Geological settings and controls of fluid migration and associated seafloor seepage features in the north Irish Sea

Mark Coughlan, Srikumar Roy, Conor O'Sullivan, Annika Clements, Ronan O'Toole, Ruth Plets

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Shallow gas accumulation in unconsolidated Quaternary sediments, and associated seepage at the seafloor, is widespread in the north Irish Sea. This study integrates high-resolution seafloor bathymetry and sub-surface geophysical data to investigate shallow gas accumulations and possible fluid (gas and/or liquids) migration pathways to the seafloor in the northern part of the Irish Sea. Shallow gas occurs broadly in two geological settings: the Codling Fault Zone and the Western Irish Sea Mud Belt. The gas has been recognised to accumulate in both sandy and muddy Quaternary marine near-surface sediments and is characterised by three characteristic sub-bottom acoustic features: i) enhanced reflections, ii) acoustic turbid zones, and iii) acoustic blanking. The seepage of shallow gas at the seafloor has resulted in the formation of morphological features including methane-derived authigenic carbonates, seabed mounds and pockmarks. In many instances, the evidence for this gas as biogenic or thermogenic in origin is inconclusive. Two distinct types of pockmarks are recorded in the Western Irish Mud Belt: pockmarks with a relatively flat centre, and pockmarks with a central mound. Based on our observation and existing models, we infer that the formation of a carbonate crust at the seabed surface is needed as a precursor for the creation of such mounds within pockmarks. The formation processes are interpreted to be different for sandy versus muddy sediments, due to variability in erodibility and sealing capacities of the substrate. We suggest that the origin of these features is linked to the presence of deeper hydrocarbon source rocks with existing and reactivated faults forming fluid migration pathways to the surface. This in turn could indicate a mixed thermogenic-biogenic origin for seep-related structures in the study area. These features have significant implications for the future development of offshore infrastructure including marine renewable energy as well as for seabed ecology and conservation efforts in the Irish Sea.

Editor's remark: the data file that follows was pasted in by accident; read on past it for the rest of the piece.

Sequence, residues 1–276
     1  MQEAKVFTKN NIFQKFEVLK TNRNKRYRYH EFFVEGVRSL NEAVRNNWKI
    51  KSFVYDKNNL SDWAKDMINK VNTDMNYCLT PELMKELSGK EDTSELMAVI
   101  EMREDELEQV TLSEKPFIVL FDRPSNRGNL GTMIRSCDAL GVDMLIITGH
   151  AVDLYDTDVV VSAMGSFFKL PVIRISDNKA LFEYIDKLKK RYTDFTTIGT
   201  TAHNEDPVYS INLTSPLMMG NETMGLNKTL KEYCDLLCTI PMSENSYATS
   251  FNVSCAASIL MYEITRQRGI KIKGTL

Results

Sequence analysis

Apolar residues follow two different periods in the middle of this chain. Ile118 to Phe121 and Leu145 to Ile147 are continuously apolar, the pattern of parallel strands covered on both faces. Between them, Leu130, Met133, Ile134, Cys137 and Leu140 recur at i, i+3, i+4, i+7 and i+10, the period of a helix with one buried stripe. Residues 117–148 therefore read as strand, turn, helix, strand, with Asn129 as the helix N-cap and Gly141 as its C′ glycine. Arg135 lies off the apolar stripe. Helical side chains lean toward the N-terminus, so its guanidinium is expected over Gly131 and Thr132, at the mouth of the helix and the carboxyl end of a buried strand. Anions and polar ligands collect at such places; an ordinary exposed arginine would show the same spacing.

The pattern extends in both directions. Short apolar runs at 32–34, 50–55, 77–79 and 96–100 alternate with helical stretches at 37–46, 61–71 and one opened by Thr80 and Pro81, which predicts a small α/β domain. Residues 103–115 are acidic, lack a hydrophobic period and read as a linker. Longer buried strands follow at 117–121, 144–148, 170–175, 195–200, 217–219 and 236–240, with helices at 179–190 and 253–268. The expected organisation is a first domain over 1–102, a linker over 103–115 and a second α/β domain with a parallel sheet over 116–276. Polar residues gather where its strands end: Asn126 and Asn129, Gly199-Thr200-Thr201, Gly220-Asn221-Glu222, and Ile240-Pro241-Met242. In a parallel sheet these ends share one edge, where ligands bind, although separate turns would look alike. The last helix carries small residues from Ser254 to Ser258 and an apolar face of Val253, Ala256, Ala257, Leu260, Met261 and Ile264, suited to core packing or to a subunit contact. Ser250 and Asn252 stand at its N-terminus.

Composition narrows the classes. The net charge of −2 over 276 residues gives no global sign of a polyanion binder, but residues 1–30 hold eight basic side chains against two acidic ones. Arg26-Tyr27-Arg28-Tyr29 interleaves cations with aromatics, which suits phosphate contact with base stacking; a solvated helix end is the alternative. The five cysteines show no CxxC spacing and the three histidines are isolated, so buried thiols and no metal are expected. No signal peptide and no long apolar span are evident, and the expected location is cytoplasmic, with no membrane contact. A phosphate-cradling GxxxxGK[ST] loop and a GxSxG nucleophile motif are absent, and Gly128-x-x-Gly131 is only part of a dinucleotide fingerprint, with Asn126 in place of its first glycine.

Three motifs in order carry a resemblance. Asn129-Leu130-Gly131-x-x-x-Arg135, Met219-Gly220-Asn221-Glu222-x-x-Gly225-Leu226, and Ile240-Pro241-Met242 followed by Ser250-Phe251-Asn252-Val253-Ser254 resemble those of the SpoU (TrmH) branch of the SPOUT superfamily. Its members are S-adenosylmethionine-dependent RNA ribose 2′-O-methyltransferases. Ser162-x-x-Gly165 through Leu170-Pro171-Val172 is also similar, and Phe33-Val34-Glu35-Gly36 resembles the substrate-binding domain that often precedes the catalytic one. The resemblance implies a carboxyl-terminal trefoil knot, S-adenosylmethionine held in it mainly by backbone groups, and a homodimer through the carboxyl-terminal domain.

Original languageEnglish
Article number104762
JournalMarine and Petroleum Geology
Early online date15 Oct 2020
Publication statusPublished - 31 Jan 2021


  • Ecological conservation
  • Fluid seepage
  • Geohazards
  • MDAC
  • Mud diapir
  • Offshore infrastructure
  • Pockmark
  • Seabed mounds


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